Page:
Virtualization systems support several mobile-oriented guests; however, the virtual machines tend to lack the touch interfaces and gesture-based controls associated with mobile devices.
Virtualization systems share many common behaviors and use cases. To avoid too much repetition among the following sections covering specific products, I’ll try to cover a handful of general concepts and terminology here.
The following list explains helpful details regarding common hardware and devices:
CPU Most virtualization focuses on the x86 (32-bit) or x86_64 (64-bit) processors since these are the most popular chips used by operating systems.
Most of these chips have built-in virtualization capabilities, such as the Intel VT-x (aka “vmx”) or AMD-V (aka “svm”) features that work hand-in-hand with virtualization software.
RAM Systems need memory. Hosts should have as much as possible in order to be able to run their own programs in addition to a guest’s. The only complication here is deciding how much RAM to assign to a guest.
Virtualization software will generally provide recommendations based on your particular hardware profile.
Having 2GB of RAM is a good start more than 4GB for a 32-bit guest system is rarely necessary. Graphics cards have a separate memory area. Unless you plan to play games or run 3-D animations, it’s unlikely you’ll need more than a bare minimum here.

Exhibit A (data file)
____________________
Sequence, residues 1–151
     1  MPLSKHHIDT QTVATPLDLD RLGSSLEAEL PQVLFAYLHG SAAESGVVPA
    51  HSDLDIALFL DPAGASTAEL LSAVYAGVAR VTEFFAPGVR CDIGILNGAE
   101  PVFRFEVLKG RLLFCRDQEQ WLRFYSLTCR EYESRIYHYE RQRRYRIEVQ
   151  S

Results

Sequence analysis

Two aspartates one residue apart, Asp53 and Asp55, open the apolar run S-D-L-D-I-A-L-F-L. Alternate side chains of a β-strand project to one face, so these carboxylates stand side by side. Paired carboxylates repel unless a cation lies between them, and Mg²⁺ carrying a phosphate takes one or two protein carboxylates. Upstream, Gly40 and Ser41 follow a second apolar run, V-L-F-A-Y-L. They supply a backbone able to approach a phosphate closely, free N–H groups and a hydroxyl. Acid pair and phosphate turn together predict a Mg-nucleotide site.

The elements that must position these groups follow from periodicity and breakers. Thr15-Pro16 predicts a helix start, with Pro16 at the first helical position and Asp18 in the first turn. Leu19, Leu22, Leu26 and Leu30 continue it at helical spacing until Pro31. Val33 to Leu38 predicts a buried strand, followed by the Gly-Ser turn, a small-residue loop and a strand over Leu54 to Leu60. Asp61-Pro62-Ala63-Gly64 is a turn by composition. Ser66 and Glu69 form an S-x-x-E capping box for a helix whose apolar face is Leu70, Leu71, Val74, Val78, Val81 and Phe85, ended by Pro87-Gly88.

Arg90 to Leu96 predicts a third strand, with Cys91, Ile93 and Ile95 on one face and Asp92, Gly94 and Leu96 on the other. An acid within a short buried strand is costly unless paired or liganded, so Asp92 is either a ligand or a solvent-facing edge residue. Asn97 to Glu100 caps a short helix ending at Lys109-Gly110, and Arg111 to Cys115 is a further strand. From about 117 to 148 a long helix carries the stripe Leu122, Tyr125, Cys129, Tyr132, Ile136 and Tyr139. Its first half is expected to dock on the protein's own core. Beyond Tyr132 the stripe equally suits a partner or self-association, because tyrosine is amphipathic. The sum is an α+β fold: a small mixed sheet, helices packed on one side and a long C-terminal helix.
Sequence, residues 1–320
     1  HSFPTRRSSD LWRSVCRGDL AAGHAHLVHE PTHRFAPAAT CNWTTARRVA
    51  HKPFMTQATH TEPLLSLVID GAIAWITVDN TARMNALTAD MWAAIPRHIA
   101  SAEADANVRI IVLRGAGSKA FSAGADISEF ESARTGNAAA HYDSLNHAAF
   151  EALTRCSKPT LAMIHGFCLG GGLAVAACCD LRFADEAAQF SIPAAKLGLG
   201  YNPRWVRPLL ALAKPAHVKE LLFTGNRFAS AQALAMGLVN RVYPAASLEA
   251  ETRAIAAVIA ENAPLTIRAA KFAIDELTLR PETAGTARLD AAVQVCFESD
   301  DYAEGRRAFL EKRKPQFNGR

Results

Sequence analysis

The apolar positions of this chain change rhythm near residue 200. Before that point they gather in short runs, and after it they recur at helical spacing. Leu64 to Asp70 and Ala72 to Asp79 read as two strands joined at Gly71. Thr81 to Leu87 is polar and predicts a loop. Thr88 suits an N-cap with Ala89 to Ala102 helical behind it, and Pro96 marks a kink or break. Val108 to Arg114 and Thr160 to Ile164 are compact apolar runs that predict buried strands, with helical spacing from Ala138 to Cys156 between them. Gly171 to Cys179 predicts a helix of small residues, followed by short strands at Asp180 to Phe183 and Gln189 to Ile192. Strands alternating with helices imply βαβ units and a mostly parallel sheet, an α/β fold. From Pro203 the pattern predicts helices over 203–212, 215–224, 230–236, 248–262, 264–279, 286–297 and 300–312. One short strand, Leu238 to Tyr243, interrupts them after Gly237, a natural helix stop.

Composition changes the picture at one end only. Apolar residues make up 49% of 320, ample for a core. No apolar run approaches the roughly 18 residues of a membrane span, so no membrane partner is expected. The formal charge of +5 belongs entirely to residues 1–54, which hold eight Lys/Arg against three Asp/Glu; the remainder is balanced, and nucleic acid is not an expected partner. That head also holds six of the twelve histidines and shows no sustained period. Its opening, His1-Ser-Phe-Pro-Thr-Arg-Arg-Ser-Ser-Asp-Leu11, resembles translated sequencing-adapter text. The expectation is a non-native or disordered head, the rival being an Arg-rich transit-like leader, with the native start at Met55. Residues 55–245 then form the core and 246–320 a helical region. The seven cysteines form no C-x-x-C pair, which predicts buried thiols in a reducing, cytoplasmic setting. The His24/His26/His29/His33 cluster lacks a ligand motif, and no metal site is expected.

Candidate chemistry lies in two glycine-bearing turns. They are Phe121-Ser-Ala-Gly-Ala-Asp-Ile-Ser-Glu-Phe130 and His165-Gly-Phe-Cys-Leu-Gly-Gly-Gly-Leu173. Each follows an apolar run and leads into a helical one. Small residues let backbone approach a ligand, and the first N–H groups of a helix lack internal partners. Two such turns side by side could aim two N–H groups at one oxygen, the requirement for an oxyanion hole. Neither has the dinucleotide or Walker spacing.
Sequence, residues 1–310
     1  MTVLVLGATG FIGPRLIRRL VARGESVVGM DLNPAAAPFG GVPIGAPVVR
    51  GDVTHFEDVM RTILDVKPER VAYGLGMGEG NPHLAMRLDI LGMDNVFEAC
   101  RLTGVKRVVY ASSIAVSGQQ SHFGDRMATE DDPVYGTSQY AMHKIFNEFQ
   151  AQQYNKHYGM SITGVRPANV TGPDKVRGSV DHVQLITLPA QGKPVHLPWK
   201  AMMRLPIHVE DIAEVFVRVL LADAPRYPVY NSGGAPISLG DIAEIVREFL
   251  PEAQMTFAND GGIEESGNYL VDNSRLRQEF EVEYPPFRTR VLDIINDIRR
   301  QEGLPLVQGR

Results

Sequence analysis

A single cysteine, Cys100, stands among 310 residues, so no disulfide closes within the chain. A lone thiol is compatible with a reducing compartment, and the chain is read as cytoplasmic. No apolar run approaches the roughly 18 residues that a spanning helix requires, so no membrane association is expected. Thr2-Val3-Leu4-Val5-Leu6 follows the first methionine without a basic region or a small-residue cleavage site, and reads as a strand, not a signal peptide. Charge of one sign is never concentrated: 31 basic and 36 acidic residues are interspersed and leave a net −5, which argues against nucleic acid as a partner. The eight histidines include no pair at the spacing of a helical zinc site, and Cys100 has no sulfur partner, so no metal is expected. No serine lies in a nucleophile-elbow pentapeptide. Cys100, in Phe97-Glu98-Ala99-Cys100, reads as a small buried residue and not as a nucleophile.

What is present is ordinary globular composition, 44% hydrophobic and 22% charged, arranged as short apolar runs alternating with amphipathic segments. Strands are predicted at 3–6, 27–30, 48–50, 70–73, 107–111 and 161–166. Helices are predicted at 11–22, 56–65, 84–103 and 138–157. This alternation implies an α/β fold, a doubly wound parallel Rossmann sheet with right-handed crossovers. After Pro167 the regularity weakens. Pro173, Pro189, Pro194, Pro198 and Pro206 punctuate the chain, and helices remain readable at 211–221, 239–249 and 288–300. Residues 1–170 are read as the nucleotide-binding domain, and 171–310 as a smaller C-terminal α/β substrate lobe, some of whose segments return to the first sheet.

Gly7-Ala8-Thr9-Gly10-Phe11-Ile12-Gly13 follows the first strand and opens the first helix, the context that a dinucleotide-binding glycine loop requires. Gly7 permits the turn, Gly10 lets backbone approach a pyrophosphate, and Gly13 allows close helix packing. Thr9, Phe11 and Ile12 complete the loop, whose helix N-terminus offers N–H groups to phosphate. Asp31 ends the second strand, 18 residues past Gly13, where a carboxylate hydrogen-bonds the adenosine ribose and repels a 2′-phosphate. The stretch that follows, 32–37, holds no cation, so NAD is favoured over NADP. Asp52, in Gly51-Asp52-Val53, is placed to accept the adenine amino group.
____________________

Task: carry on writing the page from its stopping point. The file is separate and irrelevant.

Disk space Most modern operating systems need at least 8GB of space to get started. Once you start installing programs and tools (have I mentioned games enough yet?), the required amount quickly reaches into the 32GB or 64GB range.
In this day of multiterabyte drives, this is rarely a problem. Plus, virtualization systems do not allocate the complete space for a drive upon creation.
Devices The variety of devices that may be connected to a virtual machine depends on the sophistication of the virtualization software.
At the very least, you’ll be able to connect a virtual keyboard and mouse (that act just like the keyboard and mouse from your host system).
Networking A guest’s isolation from a network may be handled in many ways. A host only configuration restricts connectivity to the host and guest only, making the guest invisible and inaccessible to any other network device.
A Network Address Translation (NAT) configuration treats the host as the guest’s access point to a network.